(Early) Period II [1607-1754]
S. Graves (1/4/16)
APUSH Review: Period 2 (1607 - 1754) In 10 Minutes!
Colonies "under" the British
Types of Colonies
- Corporate - (Joint-Stock) The colony belonged to a company; mostly found in early colonies [Think early Jamestown]
- Royal - Colonies under direct rule of the English government (Monarchs included) [Think Virginia after 1624]
- Proprietary - In which a colony is given to a loyal follower, friend or family member of the King as a sign of good will and is ruled by said person in the King's stead [Think early Maryland]
The Restoration Colonies
- South Carolina - 1670; Was originally the southern half a large plot of land, Carolina, given to the eight lord proprietors; well-known for rice and indigo and later cotton economies
- North Carolina - 1712; broke away from the southern; known for democratic views as well as autonomy from England
- New York - Given to the Duke of York (later King James); was taken from the Dutch; used to close up the gap between the Chesapeake and New England colonies
- New Jersey - The territory of New York was split by James and given to Lord Berkeley and another, who split it again; eventually combined into New Jersey after much confusion
- Pennsylvania - Given to William Penn as a re-paid debt from the royal family; was home to his "Holy Experiment"
- Delaware - The three lower counties of Pennsylvania were given their own assembly; however still had same governor as Pennsylvania for a while longer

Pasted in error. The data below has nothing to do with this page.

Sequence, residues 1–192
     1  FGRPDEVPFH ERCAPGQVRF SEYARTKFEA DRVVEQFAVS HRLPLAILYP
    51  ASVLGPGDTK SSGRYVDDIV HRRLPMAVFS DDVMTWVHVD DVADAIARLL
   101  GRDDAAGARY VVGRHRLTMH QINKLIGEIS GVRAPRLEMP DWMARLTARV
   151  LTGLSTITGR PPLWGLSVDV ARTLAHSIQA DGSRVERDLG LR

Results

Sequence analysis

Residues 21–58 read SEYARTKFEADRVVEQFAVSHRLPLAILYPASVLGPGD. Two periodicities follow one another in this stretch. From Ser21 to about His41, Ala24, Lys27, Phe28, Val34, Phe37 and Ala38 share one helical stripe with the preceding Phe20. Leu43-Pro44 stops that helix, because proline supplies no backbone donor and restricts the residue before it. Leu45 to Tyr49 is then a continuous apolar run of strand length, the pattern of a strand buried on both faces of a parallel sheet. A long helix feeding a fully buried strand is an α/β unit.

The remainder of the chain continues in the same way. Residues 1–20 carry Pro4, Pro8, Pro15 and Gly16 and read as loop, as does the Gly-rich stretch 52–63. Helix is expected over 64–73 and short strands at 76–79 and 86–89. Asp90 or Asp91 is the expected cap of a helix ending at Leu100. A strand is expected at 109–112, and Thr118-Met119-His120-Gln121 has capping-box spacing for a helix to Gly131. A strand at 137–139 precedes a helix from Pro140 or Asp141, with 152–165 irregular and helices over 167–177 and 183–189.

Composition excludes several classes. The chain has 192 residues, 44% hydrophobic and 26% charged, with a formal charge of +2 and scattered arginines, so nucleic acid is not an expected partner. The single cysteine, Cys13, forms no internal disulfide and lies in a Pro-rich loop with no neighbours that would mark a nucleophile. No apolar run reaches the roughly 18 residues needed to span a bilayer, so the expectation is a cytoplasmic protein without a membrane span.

- Georgia - The last colony; 1733; was originally a buffer state full of debtors between the Carolinas and the Spanish-held Florida; was strictly run by Oglethorpe and his group of philanthropists
Immigrants to the Colonies
- Huguenots - French Protestants; fled religious prosecution in France; five percent of immigrants to the colonies
- Pennsylvania Dutch - German immigrants; six percent of the colonial population
- Scotch-Irish - Immigrants from Northern Ireland; seven percent of the population
Earliest Colonial Government
- House of Burgesses - Jamestown, VA; 1619; first representative assembly in America
Short Details - Penn and the Quakers
- Penn's Holy Experiment - An area of land - named Pennsylvania - given to William Penn (Quaker convert) to pay off the royal family's debt to his father; colony was made as a refuge to those fleeing persecution; freedom to worship
- The Quakers - Religious Society of Friends; didn't differentiate between gender or socioeconomic classes; nonviolent; didn't believe religious authority came form the bible or minster/pastor
Migration and Settlement [MIG] - 1.0
MIG 1.0 - Explain the causes of migration to colonial North America and later, the United States, and analyze immigration's effects on U.S. society.
Culture and Society [CUL] - 1.0
CUL 1.0 - Explain how religious groups and ideas have affected American society and political life.